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PeerJ. 2017 Dec 5;5:e4095. doi: 10.7717/peerj.4095. eCollection 2017.

SDMtoolbox 2.0: the next generation Python-based GIS toolkit for landscape genetic, biogeographic and species distribution model analyses.

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Department of Zoology, Cooperative Wildlife Research Laboratory, Southern Illinois University at Carbondale, Carbondale, IL, USA.


SDMtoolbox 2.0 is a software package for spatial studies of ecology, evolution, and genetics. The release of SDMtoolbox 2.0 allows researchers to use the most current ArcGIS software and MaxEnt software, and reduces the amount of time that would be spent developing common solutions. The central aim of this software is to automate complicated and repetitive spatial analyses in an intuitive graphical user interface. One core tenant facilitates careful parameterization of species distribution models (SDMs) to maximize each model's discriminatory ability and minimize overfitting. This includes carefully processing of occurrence data, environmental data, and model parameterization. This program directly interfaces with MaxEnt, one of the most powerful and widely used species distribution modeling software programs, although SDMtoolbox 2.0 is not limited to species distribution modeling or restricted to modeling in MaxEnt. Many of the SDM pre- and post-processing tools have 'universal' analogs for use with any modeling software. The current version contains a total of 79 scripts that harness the power of ArcGIS for macroecology, landscape genetics, and evolutionary studies. For example, these tools allow for biodiversity quantification (such as species richness or corrected weighted endemism), generation of least-cost paths and corridors among shared haplotypes, assessment of the significance of spatial randomizations, and enforcement of dispersal limitations of SDMs projected into future climates-to only name a few functions contained in SDMtoolbox 2.0. Lastly, dozens of generalized tools exists for batch processing and conversion of GIS data types or formats, which are broadly useful to any ArcMap user.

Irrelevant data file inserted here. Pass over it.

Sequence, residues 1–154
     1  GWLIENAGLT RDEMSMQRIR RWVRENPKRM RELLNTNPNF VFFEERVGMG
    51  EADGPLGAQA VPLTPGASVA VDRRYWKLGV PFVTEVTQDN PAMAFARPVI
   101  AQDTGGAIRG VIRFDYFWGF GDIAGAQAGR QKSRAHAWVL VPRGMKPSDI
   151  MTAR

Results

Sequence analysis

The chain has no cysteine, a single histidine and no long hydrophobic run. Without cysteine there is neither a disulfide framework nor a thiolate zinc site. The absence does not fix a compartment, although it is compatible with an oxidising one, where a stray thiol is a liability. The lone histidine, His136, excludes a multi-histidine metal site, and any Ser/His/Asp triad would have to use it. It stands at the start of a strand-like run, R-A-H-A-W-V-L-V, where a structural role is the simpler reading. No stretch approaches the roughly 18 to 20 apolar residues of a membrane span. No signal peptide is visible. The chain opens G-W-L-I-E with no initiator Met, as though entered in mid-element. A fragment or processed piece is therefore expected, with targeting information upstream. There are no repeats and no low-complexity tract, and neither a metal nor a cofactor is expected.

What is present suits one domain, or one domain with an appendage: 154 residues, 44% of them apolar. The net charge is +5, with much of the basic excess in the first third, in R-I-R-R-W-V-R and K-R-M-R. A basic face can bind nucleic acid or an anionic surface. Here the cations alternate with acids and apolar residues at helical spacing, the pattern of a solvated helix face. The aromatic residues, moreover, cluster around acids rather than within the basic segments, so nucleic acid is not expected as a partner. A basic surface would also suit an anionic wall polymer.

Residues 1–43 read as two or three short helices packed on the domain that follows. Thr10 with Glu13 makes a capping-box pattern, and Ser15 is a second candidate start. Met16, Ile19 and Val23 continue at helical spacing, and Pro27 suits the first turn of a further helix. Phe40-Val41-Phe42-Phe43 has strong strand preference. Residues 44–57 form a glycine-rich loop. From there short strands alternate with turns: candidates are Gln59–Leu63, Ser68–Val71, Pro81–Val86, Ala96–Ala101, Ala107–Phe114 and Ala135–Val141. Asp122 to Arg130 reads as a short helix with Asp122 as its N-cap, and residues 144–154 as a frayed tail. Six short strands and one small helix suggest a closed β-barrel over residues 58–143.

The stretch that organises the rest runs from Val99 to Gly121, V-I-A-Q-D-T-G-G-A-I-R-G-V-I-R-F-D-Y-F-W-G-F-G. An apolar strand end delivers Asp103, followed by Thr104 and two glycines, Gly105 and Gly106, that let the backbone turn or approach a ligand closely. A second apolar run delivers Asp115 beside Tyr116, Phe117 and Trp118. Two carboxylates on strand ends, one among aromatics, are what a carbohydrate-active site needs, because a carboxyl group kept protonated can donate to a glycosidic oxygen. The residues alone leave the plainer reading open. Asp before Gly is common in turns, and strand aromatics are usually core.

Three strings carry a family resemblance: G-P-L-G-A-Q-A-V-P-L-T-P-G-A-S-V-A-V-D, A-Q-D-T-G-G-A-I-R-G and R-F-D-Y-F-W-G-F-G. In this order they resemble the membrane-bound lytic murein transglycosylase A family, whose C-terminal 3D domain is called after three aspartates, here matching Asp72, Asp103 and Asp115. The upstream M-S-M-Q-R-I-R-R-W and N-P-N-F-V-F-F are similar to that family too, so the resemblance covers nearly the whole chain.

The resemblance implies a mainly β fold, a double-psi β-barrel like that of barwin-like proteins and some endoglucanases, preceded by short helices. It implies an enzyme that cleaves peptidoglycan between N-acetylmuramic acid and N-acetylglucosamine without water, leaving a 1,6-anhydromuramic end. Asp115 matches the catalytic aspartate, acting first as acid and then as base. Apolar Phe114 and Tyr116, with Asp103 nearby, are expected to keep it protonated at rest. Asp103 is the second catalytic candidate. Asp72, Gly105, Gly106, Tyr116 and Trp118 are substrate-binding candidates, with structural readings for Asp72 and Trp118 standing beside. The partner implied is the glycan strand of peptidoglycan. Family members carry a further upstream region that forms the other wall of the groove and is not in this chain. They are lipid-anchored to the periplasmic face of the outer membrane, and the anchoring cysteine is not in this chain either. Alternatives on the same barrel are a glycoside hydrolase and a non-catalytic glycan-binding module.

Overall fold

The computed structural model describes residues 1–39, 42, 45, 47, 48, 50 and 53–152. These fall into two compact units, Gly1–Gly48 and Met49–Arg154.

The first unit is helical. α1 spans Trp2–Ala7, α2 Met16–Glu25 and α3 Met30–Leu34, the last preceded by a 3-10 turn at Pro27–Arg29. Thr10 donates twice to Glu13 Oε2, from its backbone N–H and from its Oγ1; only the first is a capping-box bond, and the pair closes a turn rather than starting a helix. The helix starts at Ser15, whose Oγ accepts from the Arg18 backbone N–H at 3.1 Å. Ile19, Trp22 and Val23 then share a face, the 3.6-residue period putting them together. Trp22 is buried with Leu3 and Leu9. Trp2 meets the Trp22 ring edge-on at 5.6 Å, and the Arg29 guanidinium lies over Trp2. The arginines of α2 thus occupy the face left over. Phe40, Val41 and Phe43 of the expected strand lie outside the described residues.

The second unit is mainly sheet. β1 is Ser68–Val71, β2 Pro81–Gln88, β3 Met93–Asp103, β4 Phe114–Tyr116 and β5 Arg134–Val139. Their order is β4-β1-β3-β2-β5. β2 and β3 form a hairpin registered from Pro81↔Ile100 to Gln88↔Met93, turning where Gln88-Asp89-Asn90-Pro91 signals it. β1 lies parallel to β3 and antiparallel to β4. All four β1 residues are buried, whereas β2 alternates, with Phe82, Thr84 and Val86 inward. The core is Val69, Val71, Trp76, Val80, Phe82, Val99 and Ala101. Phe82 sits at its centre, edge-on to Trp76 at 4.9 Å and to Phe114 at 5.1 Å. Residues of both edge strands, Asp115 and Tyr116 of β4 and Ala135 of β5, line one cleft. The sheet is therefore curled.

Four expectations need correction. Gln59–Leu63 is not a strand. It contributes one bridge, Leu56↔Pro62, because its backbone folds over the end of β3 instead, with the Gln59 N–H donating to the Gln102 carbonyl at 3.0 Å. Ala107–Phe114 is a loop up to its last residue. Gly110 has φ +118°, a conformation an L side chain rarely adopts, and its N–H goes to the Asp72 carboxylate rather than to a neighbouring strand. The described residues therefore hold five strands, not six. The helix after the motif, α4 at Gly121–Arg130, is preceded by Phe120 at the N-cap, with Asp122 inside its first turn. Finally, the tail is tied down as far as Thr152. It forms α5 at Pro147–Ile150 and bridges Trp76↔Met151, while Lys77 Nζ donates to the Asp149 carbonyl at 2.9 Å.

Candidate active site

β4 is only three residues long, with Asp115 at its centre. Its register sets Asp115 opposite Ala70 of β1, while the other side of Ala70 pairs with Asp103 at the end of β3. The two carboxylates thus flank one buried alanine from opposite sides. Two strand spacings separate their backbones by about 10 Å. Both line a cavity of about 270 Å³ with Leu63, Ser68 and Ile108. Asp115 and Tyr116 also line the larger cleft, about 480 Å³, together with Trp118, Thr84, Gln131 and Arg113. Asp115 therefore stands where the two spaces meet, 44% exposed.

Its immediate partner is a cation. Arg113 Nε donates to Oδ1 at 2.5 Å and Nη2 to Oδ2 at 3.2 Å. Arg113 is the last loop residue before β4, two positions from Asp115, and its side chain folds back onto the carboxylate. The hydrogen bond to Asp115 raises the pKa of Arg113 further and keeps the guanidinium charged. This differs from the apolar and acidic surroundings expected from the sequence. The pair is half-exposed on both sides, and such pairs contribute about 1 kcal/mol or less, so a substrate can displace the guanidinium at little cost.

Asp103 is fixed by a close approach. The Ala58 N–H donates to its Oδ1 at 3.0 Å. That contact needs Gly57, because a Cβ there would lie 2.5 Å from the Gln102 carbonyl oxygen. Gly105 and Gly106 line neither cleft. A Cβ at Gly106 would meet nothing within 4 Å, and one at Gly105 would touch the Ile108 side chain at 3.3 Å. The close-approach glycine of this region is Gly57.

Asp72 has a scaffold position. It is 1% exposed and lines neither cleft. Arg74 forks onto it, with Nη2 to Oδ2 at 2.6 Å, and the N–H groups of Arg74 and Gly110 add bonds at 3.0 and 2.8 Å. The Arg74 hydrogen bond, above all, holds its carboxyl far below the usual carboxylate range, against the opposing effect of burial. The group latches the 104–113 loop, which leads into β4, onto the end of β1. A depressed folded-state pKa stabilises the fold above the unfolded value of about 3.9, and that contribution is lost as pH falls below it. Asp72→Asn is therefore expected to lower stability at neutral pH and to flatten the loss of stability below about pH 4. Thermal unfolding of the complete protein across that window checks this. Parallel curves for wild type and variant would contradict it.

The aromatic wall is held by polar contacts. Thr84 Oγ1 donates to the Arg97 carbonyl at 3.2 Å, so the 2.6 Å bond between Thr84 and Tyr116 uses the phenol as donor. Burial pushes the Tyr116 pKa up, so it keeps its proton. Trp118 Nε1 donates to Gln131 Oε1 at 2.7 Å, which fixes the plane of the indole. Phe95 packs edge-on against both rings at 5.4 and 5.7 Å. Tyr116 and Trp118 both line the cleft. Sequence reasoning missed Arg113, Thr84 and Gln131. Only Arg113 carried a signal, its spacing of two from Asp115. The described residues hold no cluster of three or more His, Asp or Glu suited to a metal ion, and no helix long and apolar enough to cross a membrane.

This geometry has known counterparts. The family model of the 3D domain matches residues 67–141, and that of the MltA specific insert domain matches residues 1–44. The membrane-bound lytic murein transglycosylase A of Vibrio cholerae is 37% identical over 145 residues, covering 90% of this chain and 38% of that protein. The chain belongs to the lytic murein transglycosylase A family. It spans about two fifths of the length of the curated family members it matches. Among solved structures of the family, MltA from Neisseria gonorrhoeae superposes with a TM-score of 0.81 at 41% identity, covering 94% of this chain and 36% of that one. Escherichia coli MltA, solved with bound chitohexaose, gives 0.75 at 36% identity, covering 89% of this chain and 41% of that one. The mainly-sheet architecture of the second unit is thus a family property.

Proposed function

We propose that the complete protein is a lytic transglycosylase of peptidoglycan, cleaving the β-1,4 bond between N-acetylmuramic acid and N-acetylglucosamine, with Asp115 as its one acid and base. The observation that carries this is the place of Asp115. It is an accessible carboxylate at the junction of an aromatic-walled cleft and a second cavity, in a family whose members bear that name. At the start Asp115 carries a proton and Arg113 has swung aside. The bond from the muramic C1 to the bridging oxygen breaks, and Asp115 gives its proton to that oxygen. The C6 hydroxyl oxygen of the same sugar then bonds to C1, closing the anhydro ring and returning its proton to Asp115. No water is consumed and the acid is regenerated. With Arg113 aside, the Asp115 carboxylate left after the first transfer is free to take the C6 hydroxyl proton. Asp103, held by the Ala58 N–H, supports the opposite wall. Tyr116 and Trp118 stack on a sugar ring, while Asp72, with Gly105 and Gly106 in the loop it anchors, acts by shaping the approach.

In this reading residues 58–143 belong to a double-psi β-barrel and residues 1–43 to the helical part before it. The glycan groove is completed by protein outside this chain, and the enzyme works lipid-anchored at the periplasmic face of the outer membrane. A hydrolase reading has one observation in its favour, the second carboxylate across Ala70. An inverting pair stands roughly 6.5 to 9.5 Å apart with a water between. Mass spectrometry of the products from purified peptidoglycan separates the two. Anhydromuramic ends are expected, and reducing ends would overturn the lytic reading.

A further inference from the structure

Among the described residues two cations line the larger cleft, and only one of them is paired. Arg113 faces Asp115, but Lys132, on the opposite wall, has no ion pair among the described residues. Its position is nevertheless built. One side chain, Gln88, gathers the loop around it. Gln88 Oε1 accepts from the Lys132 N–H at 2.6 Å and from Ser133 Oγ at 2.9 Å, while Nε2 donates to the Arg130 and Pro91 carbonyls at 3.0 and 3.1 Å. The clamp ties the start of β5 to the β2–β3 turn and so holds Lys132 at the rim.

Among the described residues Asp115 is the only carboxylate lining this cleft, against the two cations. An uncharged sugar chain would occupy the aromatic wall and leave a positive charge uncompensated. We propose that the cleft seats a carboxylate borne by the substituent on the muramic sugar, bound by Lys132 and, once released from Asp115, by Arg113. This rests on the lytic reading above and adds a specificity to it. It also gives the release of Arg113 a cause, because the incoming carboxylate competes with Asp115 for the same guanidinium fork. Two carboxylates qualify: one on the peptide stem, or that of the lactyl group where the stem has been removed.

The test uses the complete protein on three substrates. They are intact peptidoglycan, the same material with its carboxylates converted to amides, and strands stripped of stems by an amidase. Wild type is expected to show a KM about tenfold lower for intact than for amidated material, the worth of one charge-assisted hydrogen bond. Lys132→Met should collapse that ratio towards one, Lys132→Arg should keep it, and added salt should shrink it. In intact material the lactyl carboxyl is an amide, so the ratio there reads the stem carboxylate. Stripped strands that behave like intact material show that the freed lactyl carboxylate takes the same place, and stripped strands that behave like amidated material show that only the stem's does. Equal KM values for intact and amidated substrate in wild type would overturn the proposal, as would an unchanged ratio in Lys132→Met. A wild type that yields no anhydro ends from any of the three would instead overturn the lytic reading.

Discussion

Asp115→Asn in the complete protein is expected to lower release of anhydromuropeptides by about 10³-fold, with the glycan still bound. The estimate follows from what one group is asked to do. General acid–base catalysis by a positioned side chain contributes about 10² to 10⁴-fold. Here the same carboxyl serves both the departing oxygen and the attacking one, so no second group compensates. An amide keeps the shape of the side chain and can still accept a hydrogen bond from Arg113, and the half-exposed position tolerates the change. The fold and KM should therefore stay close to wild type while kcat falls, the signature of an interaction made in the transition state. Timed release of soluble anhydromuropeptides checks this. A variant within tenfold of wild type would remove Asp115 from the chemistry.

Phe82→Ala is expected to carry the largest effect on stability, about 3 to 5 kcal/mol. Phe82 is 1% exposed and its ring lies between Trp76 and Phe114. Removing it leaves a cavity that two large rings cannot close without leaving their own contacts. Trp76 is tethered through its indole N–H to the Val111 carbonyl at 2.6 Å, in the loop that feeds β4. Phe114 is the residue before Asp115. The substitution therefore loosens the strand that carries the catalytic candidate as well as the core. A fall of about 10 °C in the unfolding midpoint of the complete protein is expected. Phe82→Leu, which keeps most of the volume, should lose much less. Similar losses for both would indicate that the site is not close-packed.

ArcGIS; CANAPE categorization; Ecological niche models; Geographic information systems; MaxEnt bias files; Rarefy occurrences; Spatial jackknifing

Conflict of interest statement

The authors declare there are no competing interests.

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